Root Insurance has recently released the results of its second annual distracted driving study. In it, 47% of respondents said that distracted driving is their top concern on the road. Nearly all participants placed phone use among the top three distractions. Yet it appears that many drivers throughout Virginia and across the U.S engage in distracting behavior even though they know it is wrong. Moreover, they criticize others for the same behavior they themselves exhibit.
In Virginia and across the United States, many drivers expect to drive safer vehicles when they opt for Volvo Cars. The automobile manufacturing firm plans to make their future automobiles even safer. Using unprecedented technology, Volvo Cars will begin installing in-car cameras and sensors in all its vehicles. Beginning in 2020, the company will also place a 112 mph speed limit on its automobiles.
Virginia residents may remember how the 55-mph speed limit was abolished in 1995. Since then, 41 states have increased their speed limit to at least 70 mph on the highway with seven states adopting an 80-mph speed limit on some of their highways. Six states have increased the speed limit since 2013.
The Insurance Institute for Highway Safety has been conducting crash tests on both the driver and front passenger sides of vehicles since 2017. After a round of crash tests with 11 modern two-row pickup trucks, researchers found a discrepancy in the level of protection offered by both sides. Virginia residents are at a higher risk for injury or death when sitting in the front passenger seat of many newer pickups.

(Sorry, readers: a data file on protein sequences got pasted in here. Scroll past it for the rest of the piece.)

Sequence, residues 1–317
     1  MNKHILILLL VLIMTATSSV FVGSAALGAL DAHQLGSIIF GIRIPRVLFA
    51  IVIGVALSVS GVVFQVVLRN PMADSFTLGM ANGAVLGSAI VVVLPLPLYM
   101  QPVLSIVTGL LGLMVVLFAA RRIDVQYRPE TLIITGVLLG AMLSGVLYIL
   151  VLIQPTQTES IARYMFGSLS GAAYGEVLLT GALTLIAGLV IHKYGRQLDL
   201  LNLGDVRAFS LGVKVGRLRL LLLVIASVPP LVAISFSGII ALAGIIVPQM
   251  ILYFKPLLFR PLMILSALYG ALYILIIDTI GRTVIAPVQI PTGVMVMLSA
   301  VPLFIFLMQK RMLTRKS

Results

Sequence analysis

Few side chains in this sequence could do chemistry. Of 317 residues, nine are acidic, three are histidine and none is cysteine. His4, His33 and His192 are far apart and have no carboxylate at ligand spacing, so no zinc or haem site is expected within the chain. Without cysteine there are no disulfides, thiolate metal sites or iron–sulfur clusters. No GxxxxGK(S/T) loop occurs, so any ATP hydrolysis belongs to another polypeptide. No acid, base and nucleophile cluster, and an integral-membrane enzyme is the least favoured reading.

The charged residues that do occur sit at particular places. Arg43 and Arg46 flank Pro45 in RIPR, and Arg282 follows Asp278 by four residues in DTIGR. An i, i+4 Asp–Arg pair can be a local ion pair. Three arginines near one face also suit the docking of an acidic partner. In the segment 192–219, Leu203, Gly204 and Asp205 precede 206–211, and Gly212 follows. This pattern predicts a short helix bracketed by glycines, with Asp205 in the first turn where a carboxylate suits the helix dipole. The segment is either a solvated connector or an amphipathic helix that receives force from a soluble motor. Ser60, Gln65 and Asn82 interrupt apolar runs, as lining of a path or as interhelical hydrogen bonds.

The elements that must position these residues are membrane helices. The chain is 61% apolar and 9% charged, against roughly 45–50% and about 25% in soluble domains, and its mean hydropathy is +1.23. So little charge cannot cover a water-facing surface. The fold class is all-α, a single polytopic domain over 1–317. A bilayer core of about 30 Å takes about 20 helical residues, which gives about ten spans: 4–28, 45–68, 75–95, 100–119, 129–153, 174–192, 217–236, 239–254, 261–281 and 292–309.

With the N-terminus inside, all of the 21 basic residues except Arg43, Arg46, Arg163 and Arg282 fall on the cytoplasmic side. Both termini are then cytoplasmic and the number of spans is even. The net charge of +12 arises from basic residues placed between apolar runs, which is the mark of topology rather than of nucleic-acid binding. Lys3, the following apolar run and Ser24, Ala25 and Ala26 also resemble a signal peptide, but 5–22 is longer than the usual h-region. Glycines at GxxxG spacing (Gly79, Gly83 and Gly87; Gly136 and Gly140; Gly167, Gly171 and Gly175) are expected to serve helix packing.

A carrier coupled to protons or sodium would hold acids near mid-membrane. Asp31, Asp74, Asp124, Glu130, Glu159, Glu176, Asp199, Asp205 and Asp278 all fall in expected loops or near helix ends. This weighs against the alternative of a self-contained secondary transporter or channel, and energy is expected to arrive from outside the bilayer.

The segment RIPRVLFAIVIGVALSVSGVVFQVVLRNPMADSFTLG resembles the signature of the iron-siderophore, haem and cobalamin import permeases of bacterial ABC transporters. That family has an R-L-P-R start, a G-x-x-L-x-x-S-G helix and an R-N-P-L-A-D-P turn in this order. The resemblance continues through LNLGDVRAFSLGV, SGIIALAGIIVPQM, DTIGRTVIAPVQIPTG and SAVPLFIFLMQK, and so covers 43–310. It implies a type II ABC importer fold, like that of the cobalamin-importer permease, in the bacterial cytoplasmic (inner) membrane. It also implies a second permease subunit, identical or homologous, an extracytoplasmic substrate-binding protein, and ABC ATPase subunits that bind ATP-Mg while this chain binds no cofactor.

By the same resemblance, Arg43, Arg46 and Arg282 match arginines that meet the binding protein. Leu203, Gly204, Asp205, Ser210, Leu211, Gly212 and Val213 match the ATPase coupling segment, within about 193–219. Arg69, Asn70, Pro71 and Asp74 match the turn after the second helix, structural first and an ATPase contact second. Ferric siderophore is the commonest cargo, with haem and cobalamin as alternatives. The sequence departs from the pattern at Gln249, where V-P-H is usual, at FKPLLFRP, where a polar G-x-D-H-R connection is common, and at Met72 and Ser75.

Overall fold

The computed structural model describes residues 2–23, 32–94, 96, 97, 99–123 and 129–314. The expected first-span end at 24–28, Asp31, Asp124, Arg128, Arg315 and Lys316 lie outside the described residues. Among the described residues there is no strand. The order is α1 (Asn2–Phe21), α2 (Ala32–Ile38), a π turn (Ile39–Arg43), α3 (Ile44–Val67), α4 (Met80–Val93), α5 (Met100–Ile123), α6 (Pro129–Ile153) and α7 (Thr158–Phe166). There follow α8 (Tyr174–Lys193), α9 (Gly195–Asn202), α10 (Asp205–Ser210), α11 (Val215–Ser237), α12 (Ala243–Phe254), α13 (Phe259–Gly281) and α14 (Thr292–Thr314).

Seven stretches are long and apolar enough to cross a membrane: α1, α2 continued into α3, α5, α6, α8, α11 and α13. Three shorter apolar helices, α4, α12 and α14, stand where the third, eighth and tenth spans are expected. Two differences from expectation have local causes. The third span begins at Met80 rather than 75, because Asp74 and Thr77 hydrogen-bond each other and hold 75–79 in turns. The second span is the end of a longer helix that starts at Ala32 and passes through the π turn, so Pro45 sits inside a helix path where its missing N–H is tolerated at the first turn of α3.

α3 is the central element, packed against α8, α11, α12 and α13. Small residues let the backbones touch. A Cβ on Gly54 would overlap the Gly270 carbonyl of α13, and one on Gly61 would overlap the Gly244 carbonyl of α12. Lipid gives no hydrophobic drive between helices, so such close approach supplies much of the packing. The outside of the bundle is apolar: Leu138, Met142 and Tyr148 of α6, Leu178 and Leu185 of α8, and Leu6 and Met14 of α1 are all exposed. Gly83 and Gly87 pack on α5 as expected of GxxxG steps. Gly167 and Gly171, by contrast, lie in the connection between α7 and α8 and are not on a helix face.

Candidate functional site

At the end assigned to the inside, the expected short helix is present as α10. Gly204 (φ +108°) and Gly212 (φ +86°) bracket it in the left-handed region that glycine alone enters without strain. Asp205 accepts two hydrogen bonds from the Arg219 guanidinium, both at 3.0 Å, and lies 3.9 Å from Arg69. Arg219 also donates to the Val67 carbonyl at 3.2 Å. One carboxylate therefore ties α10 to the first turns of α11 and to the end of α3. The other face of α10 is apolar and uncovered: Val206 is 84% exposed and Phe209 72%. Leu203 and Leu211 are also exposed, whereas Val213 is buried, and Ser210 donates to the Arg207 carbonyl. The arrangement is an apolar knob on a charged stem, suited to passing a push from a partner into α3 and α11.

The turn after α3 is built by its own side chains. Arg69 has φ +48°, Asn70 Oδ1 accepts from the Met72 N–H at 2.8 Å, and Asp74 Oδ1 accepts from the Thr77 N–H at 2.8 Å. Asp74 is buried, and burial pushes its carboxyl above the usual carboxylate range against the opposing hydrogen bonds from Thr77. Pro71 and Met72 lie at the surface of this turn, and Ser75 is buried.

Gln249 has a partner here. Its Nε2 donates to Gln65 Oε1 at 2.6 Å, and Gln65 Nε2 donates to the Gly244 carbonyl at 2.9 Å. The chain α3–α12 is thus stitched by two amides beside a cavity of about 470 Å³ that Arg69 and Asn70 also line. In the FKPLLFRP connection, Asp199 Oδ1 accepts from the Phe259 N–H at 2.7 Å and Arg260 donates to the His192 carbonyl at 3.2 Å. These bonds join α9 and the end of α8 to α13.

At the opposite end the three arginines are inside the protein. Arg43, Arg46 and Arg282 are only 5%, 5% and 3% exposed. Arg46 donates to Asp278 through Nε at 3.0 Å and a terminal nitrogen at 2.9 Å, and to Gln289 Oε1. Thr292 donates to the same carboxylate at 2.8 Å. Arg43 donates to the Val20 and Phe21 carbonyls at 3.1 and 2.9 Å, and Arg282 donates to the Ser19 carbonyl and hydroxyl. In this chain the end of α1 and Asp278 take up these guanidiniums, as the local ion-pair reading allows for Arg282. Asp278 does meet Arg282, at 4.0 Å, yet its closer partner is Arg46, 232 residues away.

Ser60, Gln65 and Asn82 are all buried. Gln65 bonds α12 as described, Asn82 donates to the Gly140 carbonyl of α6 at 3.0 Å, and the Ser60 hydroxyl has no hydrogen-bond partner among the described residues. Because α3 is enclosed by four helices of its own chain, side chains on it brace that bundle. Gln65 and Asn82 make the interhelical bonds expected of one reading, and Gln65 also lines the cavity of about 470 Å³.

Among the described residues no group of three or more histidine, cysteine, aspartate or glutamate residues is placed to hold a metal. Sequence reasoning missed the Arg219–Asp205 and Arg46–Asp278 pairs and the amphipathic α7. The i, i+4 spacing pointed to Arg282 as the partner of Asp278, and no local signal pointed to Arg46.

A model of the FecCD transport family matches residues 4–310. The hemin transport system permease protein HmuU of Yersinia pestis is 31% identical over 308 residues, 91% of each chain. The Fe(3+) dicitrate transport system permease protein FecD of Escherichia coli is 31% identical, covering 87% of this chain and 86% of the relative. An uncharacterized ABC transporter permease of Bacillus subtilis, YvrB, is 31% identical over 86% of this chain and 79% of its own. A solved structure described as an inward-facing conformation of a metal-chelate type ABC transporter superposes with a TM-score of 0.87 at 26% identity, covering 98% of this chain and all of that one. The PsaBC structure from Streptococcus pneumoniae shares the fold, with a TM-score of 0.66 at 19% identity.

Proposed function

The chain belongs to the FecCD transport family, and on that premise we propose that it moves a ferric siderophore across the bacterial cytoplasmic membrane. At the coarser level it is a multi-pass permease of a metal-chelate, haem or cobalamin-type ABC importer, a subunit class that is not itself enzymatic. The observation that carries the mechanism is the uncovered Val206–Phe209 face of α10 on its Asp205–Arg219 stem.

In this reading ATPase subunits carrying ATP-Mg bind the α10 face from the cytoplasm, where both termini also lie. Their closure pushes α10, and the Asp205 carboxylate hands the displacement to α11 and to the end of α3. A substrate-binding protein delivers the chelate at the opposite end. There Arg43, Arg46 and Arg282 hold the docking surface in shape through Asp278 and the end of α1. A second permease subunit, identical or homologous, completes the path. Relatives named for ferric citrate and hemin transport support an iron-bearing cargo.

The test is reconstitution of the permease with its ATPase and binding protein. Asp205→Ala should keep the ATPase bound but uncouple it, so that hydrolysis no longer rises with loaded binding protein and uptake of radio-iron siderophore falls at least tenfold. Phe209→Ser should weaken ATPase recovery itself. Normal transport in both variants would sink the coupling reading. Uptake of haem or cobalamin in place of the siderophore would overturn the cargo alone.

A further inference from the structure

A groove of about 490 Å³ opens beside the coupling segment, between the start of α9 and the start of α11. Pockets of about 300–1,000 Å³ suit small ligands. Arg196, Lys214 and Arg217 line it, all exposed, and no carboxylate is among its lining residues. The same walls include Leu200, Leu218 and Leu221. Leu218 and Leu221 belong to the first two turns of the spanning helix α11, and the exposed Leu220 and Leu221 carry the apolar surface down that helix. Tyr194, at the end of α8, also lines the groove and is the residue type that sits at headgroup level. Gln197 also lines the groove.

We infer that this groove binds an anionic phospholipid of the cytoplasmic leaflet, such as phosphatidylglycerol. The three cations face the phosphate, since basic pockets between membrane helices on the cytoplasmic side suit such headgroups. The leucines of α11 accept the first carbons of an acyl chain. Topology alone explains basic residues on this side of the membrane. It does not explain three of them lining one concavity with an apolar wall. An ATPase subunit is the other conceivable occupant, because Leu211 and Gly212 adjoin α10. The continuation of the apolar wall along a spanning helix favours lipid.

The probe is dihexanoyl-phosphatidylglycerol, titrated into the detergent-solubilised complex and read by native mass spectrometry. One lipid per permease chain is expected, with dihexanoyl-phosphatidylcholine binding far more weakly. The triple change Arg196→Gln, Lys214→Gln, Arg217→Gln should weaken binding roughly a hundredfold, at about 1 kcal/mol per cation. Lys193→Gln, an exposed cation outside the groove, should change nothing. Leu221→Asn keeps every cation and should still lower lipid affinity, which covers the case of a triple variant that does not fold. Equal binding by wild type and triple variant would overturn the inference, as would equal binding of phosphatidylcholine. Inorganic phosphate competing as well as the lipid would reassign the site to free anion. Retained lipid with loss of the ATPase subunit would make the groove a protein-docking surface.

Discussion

Virginia residents may have heard that Nevada state legislature is proposing the use of a controversial device called the "textalyzer" among its police force. The device, developed by the Israel-based company Cellebrite and the subject of a previous proposal made by the New York legislature, may be effective in curbing the widespread and deadly trend of distracted driving.
For World Sleep Day (March 15), Ford Motor Company is using its "Sleep Suit" to show the effects of drowsy driving. Virginia residents should know that fatigue is behind an estimated one in five road accidents. Experts say that being awake for 18 hours or more can lead to the same level of impairment as that produced by alcohol intoxication.
When it's time to "spring forward" the clocks in March of each year, many people complain of the inconvenience of "losing" an hour of sleep. Unfortunately, the loss of sleep can be more than just a frustration; studies show that it can increase the risk of motor vehicle accidents for drivers in Virginia. That's why AAA is reminding drivers that not getting enough sleep can double their chances of causing a crash.
A study from the Federal Motor Carrier Safety Administration suggests that truck drivers in Virginia and around the country are about twice as likely to be involved in a speed-related accident when systems designed to limit top speeds are switched off. Speed limiters are installed in virtually all tractor-trailers sold in America and have been for many years, but regulations that would require trucking companies to switch them on have been mired in a congressional morass for more than a decade.
Car accidents are scary and disorienting for everyone involved. Even if no one is hurt, emotions can run high due to rattled nerves and distress over property damage. Luckily, there are a few steps that Virginia drivers can take to ensure everyone's safety and increase the chances of a smooth car insurance claim.
The average motorist in Virginia can usually be fairly confident about getting behind the wheel as long as they are alert and focused. However, there may be a good reason for drivers to be apprehensive. According to the National Safety Council, driving deaths climbed by 6 percent from 2015 to 2016, the latest year stats of this nature are available for. A similar increase was seen during the previous year, meaning fatal accident rates spiked nearly 15 percent within two years.